A Celebration of Four Generations of Guthrie Family Music
* Additional fees apply.
All offers for Guthrie Family Legacy Tour have expired.
The last date listed for Guthrie Family Legacy Tour was Thursday April 26, 2007 / 8:00pm.
Currently at Irvine Barclay Theatre:
- Full Price:
- Our Price:
- $22.50 - $35.00
An annual holiday tradition at the Barclay Theatre, the Festival Ballet presents its full-length production of The Nutcracker. Set to the cherished Tchaikovsky score, the ballet tells the timeless coming-of-age story of Clara, a young girl who receives a wooden nutcracker soldier as a Christmas gift. That night she dreams that her nutcracker comes to life and battles the ferocious Mouse King. As he and Clara defeat the wicked beast together, the nutcracker transforms into a handsome prince, who takes Clara on a grand adventure to the Sugar Plum Fairy's magical Kingdom of Sweets. This full-length, traditional production is choreographed and directed by Festival Ballet Theatre's Artistic Director Salwa Rizkalla, and features a cast of professional dancers and more than 100 Southern California children. There will also be special guest performers to be announced later. Learn More
A celebration of four generations of Guthrie family music, this musical evening visits songs and shares stories enriched with historic photos and archival recordings.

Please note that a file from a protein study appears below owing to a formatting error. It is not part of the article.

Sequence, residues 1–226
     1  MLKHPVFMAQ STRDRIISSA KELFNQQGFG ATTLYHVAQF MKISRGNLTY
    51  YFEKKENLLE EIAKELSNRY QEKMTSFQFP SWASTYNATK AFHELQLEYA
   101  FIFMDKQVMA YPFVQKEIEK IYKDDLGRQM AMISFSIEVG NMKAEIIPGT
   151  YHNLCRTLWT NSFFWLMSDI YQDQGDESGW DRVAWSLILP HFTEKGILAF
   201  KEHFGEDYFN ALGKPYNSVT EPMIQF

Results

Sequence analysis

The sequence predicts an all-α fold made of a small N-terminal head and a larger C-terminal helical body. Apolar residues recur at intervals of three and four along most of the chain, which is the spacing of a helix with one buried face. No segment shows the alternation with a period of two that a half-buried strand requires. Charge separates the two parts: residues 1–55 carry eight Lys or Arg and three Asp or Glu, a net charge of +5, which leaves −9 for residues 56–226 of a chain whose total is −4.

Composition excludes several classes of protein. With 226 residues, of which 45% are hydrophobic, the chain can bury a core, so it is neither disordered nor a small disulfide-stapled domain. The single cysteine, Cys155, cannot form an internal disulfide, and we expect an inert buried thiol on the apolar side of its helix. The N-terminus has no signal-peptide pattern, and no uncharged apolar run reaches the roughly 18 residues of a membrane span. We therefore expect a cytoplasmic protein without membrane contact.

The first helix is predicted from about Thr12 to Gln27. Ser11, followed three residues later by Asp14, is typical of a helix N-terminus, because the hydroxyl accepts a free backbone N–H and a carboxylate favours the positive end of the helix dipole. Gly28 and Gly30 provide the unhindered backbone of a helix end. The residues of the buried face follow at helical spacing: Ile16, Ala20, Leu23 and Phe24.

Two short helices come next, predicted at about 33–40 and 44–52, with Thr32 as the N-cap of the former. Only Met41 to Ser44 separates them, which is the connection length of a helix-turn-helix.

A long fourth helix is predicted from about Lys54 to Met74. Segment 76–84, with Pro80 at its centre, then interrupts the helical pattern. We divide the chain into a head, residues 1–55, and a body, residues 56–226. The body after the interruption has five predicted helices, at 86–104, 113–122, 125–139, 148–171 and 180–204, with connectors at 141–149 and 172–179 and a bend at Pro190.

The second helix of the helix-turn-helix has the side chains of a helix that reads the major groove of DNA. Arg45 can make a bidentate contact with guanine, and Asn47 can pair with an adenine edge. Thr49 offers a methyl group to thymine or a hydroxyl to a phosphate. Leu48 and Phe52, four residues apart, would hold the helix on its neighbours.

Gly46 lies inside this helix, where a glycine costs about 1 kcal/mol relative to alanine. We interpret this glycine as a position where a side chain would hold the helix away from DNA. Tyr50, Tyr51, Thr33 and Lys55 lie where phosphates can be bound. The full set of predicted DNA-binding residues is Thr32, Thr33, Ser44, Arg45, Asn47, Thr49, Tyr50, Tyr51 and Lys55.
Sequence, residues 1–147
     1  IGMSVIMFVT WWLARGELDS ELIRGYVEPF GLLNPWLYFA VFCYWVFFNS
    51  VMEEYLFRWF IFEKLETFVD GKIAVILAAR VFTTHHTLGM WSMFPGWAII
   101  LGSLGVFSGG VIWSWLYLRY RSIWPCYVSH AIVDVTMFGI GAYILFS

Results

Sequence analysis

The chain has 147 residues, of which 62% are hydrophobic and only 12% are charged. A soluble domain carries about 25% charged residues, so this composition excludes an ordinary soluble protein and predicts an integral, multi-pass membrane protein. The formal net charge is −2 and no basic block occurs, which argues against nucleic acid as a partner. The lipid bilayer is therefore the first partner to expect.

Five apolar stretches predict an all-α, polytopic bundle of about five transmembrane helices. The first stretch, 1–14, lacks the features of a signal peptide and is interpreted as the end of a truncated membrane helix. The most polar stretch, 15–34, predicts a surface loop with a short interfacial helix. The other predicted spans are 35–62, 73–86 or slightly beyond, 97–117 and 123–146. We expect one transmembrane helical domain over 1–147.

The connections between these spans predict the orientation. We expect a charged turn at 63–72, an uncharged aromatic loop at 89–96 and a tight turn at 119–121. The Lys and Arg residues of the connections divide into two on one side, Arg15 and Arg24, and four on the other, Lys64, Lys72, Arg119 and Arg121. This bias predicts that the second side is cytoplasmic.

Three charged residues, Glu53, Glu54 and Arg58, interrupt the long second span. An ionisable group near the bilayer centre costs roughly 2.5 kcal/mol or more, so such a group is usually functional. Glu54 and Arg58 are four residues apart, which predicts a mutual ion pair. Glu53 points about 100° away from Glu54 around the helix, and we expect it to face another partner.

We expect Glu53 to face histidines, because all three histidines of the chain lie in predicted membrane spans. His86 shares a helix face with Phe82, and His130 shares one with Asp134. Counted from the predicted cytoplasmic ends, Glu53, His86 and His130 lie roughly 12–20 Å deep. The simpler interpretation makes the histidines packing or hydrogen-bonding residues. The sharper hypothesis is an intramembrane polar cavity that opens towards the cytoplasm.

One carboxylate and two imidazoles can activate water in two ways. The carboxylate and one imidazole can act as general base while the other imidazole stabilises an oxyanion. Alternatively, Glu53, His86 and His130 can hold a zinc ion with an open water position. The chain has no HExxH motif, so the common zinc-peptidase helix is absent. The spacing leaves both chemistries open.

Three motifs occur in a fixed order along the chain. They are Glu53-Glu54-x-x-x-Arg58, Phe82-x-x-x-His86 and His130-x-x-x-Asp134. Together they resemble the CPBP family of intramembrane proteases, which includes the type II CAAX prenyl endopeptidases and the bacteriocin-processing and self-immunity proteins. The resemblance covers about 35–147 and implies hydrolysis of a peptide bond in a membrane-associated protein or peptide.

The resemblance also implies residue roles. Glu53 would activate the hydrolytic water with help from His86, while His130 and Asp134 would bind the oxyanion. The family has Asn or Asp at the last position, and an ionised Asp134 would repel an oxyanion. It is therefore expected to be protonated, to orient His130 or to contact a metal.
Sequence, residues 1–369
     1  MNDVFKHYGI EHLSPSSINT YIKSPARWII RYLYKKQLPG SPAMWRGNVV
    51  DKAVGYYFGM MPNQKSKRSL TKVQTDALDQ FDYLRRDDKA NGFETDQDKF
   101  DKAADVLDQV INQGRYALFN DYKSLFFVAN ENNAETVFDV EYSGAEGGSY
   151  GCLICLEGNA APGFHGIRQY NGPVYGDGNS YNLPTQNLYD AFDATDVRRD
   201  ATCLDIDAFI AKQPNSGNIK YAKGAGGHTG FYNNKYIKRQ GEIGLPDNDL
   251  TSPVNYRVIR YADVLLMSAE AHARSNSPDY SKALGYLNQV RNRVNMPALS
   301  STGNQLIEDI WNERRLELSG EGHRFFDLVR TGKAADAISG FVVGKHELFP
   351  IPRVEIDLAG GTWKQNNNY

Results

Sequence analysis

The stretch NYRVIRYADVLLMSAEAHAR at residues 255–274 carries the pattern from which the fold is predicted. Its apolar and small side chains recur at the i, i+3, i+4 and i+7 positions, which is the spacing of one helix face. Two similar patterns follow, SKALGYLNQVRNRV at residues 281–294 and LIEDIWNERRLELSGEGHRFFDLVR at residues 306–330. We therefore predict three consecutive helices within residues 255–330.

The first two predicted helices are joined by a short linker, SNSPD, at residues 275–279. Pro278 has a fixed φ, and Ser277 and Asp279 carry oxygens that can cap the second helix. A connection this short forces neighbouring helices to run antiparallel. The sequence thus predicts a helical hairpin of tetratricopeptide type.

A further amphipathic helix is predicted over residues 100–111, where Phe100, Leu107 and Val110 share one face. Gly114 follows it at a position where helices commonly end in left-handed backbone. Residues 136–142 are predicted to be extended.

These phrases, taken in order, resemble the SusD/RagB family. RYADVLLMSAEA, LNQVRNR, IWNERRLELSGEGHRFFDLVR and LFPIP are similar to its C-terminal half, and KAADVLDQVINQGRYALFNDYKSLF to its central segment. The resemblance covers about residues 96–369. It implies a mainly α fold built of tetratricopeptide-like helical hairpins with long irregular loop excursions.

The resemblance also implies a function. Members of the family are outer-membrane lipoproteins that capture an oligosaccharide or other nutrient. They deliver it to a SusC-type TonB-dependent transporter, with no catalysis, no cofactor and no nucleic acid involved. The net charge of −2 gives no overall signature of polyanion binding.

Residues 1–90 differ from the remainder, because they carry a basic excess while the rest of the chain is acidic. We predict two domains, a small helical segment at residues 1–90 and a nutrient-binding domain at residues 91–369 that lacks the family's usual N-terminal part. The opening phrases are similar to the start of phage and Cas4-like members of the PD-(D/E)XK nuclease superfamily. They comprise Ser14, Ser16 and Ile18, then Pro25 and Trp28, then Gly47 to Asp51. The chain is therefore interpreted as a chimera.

Arlo Guthrie was born with a guitar in one hand and a harmonica in the other, in Coney Island, Brooklyn, New York in 1947. He is the eldest son of America’s most beloved singer/writer/philosopher Woody Guthrie and Marjorie Mazia Guthrie, a professional dancer with the Martha Graham Company and founder of The Committee to Combat Huntington’s Disease.
He grew up surrounded by dancers and musicians: Pete Seeger, Ronnie Gilbert, Fred Hellerman and Lee Hays (The Weavers), Leadbelly, Cisco Houston, Ramblin’ Jack Elliott, Sonny Terry and Brownie McGee, all of whom were significant influences on Arlo’s musical career. Guthrie gave his first public performance at age 13 and quickly became involved in the music that was shaping the world during the 1960s.
Arlo practically lived in the most famous venues of the “Folk Boom” era. In New York City he hung out at Gerdes Folk City, The Gaslight and The Bitter End. In Boston’s Club 47, and in Philadelphia he made places like The 2nd Fret and The Main Point his home. He witnessed the transition from an earlier generation of ballad singers like Richard Dyer-Bennet and blues-men like Mississippi John Hurt, to a new era of singer-song writers such as Bob Dylan, Jim Croce, Joan Baez, and Phil Ochs. He grooved with the beat poets like Allen Ginsburg and Lord Buckley, and picked with players like Bill Monroe and Doc Watson. He learned something from everyone and developed his own style, becoming a distinctive, expressive voice in a crowded community of singer-songwriters and political-social commentators.